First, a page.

Robot Dog Showcases Construction Capabilities


Recently, engineering and robotics design company Boston Dynamics (Waltham, Massachusetts) showcased its latest technology, Spot the robot dog.

According to reports, the robot dog is intended to be used as a vehicle for carrying image capturing or laser scanning equipment where humans might not be able to.

Spot in the Spotlight

In the middle of February, Spot displayed its capabilities at the HITT’s Co|Lab in Falls Church, Virginia. Using 3D measuring and imaging technology from Faro Technologies (Lake Mary, Florida), Spot was instructed to walk up and down stairs and through rough terrain while autonomously capturing images for HITT’s team and end users.

According to Boston Dynamics, Spot can only be obtained through an early adopter program. However, lease prices claim to run less than that of a car, depending on the time period and amount of units.

Prior to the showcase at Co|Lab, Spot was used by Hensel Phelps on a $1.2 billion San Francisco International Airport terminal project. Onsite, Hensel tested HoloBuilder Inc.’s SpotWalk app, which enables Spot to take 360-degree photos and videos once a path where it can walk is determined.

In all of the robot dog’s testing, Spot has been confirmed to be able to carry up to 25 pounds of payload and is able to use up to three different types of scanning or data capturing equipment through both autonomous and remote controlled methods.

Despite its success, Michael Perry, Vice President of Business Development for Boston Dynamics reports that the company is still focusing on Spot’s data capture, sensors and mobility, as the technology is still considered to be in the beta stages of testing.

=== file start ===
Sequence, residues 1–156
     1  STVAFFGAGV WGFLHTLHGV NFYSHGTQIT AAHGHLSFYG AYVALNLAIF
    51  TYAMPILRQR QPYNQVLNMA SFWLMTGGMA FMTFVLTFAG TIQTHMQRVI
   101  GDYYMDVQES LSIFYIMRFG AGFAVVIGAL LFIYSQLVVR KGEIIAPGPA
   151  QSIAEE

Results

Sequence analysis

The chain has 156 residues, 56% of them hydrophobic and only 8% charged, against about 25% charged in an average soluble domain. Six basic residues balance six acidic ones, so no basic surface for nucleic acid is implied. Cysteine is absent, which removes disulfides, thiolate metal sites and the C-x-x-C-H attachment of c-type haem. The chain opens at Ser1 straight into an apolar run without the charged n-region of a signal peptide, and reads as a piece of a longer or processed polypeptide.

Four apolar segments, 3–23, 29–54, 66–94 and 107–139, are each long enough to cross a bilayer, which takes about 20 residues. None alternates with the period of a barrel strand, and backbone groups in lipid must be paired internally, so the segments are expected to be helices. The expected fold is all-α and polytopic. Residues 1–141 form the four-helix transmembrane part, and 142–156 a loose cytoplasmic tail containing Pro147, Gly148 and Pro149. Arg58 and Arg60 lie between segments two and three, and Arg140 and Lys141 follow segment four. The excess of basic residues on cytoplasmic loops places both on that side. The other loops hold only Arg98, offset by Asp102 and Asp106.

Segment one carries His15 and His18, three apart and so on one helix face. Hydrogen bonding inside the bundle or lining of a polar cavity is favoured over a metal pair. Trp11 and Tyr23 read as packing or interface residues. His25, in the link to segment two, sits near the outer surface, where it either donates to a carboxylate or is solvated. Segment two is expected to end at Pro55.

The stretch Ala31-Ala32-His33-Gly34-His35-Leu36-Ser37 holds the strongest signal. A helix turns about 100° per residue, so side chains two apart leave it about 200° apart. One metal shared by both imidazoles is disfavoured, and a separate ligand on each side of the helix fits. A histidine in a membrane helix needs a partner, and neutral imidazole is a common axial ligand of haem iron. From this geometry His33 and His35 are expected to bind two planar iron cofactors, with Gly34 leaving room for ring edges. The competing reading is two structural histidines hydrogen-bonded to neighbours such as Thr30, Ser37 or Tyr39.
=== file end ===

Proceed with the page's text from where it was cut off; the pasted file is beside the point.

“We've seen requests for allowing owners to teleoperate Spot over remote jobsites, enable inspectors to regularly check for cold spots in window casings using thermal cameras, and many others,” he said.

Megan Lantz, Vice President of Corporate Business Development for HITT told reporters that this demonstration is just the beginning, as the company intends to host  a master series of presentations at Co|Lab where other new technologies and innovations can be demonstrated in a single presentation per quarter.

Robots in Construction

Back in August, researchers from the University of Waterloo announced that they were working on developing a more reliable robotic inspection technology that could reduce the cost of bridge inspections.

Individually programmed with inspection plans and location focus areas per bridge inspection, the robots consist of six five-megapixel cameras able to create a 360-degree view mounted on an autonomous ground vehicle. In addition to the cameras, the robots also use lidar—a remote sensing method using lasers—which collect data on present defects and makes an analysis of the inspected findings.

A month later, Prima Industrie (Italy) announced that the 4D Hybrid Autonomous Robot project, intended for use on metal surfaces in land and offshore projects, would be making its debut.

Originally launched in 2017, the technology was funded by European Commission Horizon 2020 and involved 12 other industrial players, operating as technology suppliers and end-users. The technology was designed with aerospace, oil, gas and power generation industries in mind so that it could perform detection and reparation of metal vertical surfaces on land and offshore environments.

Geared with two rubber belts, the track-designed robotic vehicle is reportedly able to tackle slippery vertical surfaces, keeping contact with exteriors using a powerful vacuum-based adhesion system placed at its center. The tracks are then able to move the robot in a back-and-forth or rotating fashion, even on its main axis.

Additionally, the 4D Hybrid can work in the presence of dirt, water, on various conditions of metal surfaces and in environmental temperatures varying between 3 C and 35 C. Regarding possible dispersion, the hybrid is also equipped with a power recovery system that sucks up powders and carries them back to the top of the maintained structure.


Tagged categories: Asia Pacific; Construction; EMEA (Europe, Middle East and Africa); Latin America; North America; Research; Research and development; Robotics; Technology; Tools & Equipment; Z-Continents

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